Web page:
“Tell her the loser takes the winner to Pepe’s for pizza,” prompted Sunny.
“Yeah.” I had a feeling my friend was getting into this contest thing. Inside my head Sunny and Dana were arguing, and I almost missed what my friend said next.
“My profile could use a spiffing up.”
Was this a hint?
My friend stood and adjusted the camera. “I’ll email my profile and you’ll pass it on to your characters? I need some clever, pithy remarks. To get hot guys to write me back.”
“Oh, I think your friend is winning this one. And we’re coming to Pepe’s with you,” Sunny and Dana whispered in my ear.
“Mistaking chemistry for the real thing is always a mistake,” chided Dana one day when I was walking on the treadmill minding my own business and listening to Diana Krall on my iPod.
“Yeah,” said Dana. “I kept filling in the blanks, hoping Freddy was into me.”
Freddy was based on a man I nicknamed Toxic Man. We dated sporadically, and when I say sporadically, I mean there were months-long gaps between dates. But Freddy was a back-burner man, meaning he kept me on the back burner, with phone calls and texts to boost his ego. Lucky for me, I gradually weaned myself off Freddy.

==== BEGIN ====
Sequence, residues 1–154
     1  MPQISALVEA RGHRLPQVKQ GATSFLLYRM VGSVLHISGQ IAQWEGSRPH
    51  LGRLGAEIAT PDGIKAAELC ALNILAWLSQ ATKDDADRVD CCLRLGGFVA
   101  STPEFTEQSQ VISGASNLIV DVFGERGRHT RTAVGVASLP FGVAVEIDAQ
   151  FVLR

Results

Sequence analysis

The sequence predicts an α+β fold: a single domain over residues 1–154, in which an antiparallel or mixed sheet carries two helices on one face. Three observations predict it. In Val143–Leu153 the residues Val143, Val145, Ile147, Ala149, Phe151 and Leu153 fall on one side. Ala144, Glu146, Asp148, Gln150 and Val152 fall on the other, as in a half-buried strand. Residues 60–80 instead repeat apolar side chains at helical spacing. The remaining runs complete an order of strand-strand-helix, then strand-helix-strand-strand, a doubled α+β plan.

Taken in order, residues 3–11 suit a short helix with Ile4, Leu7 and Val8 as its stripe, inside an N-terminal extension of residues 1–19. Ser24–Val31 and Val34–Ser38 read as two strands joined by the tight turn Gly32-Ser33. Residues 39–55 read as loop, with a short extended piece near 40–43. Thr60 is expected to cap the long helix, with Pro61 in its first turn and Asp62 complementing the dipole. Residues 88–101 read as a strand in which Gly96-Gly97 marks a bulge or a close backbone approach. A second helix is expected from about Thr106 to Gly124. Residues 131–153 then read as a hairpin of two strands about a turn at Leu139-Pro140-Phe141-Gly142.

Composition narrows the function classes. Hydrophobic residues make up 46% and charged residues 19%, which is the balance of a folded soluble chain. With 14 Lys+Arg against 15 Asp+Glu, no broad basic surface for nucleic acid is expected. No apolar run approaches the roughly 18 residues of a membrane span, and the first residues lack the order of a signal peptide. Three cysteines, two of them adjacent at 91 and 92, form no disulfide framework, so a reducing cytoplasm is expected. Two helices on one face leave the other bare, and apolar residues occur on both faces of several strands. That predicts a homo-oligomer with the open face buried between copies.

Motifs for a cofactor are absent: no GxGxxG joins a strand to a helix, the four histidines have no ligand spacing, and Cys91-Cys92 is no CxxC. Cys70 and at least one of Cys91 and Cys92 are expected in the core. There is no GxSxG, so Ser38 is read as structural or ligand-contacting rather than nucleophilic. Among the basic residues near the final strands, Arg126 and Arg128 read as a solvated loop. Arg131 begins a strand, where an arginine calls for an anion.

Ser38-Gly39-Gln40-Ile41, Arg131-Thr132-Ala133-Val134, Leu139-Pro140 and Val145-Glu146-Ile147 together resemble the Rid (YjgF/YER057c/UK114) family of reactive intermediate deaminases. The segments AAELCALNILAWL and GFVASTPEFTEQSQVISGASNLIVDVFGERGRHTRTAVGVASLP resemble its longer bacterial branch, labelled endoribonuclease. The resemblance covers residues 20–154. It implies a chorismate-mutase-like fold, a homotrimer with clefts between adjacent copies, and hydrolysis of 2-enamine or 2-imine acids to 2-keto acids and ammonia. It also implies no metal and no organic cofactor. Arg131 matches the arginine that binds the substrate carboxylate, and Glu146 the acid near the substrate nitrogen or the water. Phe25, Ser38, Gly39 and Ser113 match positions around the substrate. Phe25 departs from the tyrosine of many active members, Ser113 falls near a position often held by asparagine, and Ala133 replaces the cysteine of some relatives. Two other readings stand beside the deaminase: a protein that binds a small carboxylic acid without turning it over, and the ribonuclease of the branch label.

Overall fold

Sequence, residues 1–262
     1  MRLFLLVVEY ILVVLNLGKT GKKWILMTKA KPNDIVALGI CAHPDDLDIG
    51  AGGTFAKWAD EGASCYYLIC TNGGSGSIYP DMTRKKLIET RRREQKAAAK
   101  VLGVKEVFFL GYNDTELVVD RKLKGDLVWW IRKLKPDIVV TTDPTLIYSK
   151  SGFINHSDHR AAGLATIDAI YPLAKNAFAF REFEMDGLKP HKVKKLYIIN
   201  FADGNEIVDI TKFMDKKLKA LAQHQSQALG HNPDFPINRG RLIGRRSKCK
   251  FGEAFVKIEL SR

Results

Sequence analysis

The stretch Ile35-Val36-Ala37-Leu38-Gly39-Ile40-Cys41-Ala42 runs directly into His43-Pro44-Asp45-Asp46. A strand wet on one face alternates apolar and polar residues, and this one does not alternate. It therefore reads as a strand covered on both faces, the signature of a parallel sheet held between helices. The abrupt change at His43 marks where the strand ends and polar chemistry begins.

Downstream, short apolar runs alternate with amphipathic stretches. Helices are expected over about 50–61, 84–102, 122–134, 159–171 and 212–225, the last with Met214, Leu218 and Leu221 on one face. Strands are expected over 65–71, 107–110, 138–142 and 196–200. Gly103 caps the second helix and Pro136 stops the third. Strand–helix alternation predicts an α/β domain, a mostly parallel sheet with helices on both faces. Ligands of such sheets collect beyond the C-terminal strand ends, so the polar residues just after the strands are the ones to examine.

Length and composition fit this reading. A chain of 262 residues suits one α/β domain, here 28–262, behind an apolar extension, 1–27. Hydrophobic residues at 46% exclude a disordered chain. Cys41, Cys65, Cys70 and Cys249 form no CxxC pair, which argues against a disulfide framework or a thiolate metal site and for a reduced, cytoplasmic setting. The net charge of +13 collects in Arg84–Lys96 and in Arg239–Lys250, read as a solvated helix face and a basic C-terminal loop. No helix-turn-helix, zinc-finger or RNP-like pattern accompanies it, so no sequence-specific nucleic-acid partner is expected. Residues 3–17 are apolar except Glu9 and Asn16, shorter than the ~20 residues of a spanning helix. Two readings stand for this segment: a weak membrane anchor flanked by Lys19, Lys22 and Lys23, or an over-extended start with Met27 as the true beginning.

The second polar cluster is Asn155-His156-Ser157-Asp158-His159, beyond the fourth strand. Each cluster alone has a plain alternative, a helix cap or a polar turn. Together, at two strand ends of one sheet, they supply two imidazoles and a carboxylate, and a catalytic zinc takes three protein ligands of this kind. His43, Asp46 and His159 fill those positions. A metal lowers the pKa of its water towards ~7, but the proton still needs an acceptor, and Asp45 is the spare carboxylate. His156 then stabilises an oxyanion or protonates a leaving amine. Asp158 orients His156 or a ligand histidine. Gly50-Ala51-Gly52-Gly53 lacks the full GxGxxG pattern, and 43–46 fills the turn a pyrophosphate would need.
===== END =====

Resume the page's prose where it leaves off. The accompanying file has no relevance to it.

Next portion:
Since Dana didn’t want to make the same mistakes I made, she outfatuated herself and stopped answering her phone.
“My birthday is important,” she whispered to me, her eyes bright with a hurt defiance. “He didn’t want to do anything special on my birthday. Because I wasn’t special to him.”
Sunny gave Dana a hug, and so did I. In my head.
“That dating contest with Dana helped me figure out what I wanted in a man,” said Sunny.
“You mean like if a man doesn’t go out of his way for you early in the relationship?” I said.
“Sure,” said Dana. “He’s showing his real self and that rarely changes.”
“It takes a lot of time to get to know someone,” said Sunny. “I pay attention to the little things.”
This conversation reminded me of my two dates with a real estate lawyer who loved opera. The second date was dinner at an upscale restaurant. Obviously, the guy was trying to impress me.
On the drive home, he had the opera station going on Sirius radio, and I, being one who loves a little after dinner rock and roll, asked if he could find the Elvis station. But Lawyer Man said he preferred opera and wouldn’t change it.
Sometimes it’s the smallest thing that makes you realize the man you’re trying on for the evening is not for you.
As a writer, I read books from a different angle than most non-writers. I’m analyzing and overthinking as I read.
In the end, though, when it comes to relationships, I’m like everyone else. I want to spend my time with my special person, the guy who thinks – and shows – I’m special.
For more dating tips and stories, you can check out Shirley’s new book, Eat Your Heart Out.
Do you give a guy a chance if he isn’t your usual type? What does it take for a guy to ruin a relationship? Do you know what you want in a man? Are you looking for chemistry in your relationships, or is there something you find more important?
Tags Senior Dating Advice